Preventing perioperative bleeding in patients with inherited bleeding disorders

Watterson, C. and Beacher, N. (2017) Preventing perioperative bleeding in patients with inherited bleeding disorders. Evidence-Based Dentistry, 18(1), pp. 28-29. (doi: 10.1038/sj.ebd.6401226) (PMID:28338025)

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Data sources: Cochrane Cystic Fibrosis and Genetic Disorders Group's Coagulopathies Trials Register, a regularly updated database informed by trials identified within electronic databases including MEDLINE. Further defined searches were undertaken in PubMed, Embase, The Cochrane Library, and WHO International Clinical Trials Registry Platform. Additional hand searching of relevant journals and books of conference proceedings was undertaken. Study selection: Randomised and quasi-randomised controlled trials in people of all ages with haemophilia or VWD undergoing oral or dental procedures using antifibrinolytic agents (tranexamic acid (TXA) or epsilon aminocaproic acid (EACA)) to prevent perioperative bleeding compared to no intervention with or without placebo. Data extraction and synthesis: Two authors independently assessed identified publications for inclusion based on defined selection criteria. The two authors performed data extraction and risk of bias assessments using standardised forms and the Cochrane risk of bias tools. A third author, deemed to have particular subject expertise, verified eligibility of inclusion. Results: One randomised, double-blinded placebo controlled trial and one quasi-randomised trial were included. A total of 59 participants with haemophilia undergoing dental extraction were involved. Both trials evidenced a notable reduction in post-operative bleeding following dental extraction when either TXA or EACA were used, in addition to routine preoperative factor replacement, when compared to placebo. The number of post-operative bleeds, amount of blood loss and the need for additional clotting factors were reduced in the groups receiving antifibrinolytic therapy. No eligible trials in people with VWD were identified. Conclusions: Low quality evidence exists to support the use of adjuvant antifibrinolytic therapy to reduce perioperative bleeding in patients with haemophilia undergoing dental extraction. The limited number of trials identified (N=2), minimal sample size (N=28, N=31) and historic nature of the studies, originating from the 1970s, in addition to study heterogeneity and subsequent selection bias results in a low quality evidence grade for recommending adjuvant antifibrinolytic therapy. There is no clear indication to alter current practice utilising antifibrinolytic therapy to manage patients with haemophilia undergoing dental surgery in accordance with internationally accepted guidelines. However, further research with standardised study deigns would be welcomed in order to enhance the evidence base in the management of people with haemophilia and VWD.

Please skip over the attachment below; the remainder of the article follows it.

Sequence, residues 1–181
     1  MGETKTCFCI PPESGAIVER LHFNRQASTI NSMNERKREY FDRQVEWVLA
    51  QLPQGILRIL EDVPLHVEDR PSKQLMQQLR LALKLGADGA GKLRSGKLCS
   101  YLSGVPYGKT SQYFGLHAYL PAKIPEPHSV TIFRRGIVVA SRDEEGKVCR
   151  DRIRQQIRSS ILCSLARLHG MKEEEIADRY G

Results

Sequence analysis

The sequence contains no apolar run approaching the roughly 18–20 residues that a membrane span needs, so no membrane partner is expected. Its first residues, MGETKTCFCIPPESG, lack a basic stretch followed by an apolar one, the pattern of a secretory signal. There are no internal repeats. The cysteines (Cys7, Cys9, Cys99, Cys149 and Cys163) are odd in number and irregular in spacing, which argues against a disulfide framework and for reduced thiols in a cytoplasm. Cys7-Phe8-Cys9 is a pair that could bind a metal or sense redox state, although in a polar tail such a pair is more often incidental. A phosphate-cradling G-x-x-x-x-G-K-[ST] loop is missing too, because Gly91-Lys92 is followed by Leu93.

Item Type:Articles
Glasgow Author(s) Enlighten ID:Watterson, Mr Colin and Beacher, Mr Nicholas
Authors: Watterson, C., and Beacher, N.
College/School:College of Medical Veterinary and Life Sciences > School of Medicine, Dentistry & Nursing > Dental School
Journal Name:Evidence-Based Dentistry
Publisher:Nature Publishing Group
ISSN (Online):1476-5446
Copyright Holders:Copyright © 2017 British Dental Association
First Published:First published in Evidence-Based Dentistry 18(1): 28-29
Publisher Policy:Reproduced in accordance with the publisher copyright policy

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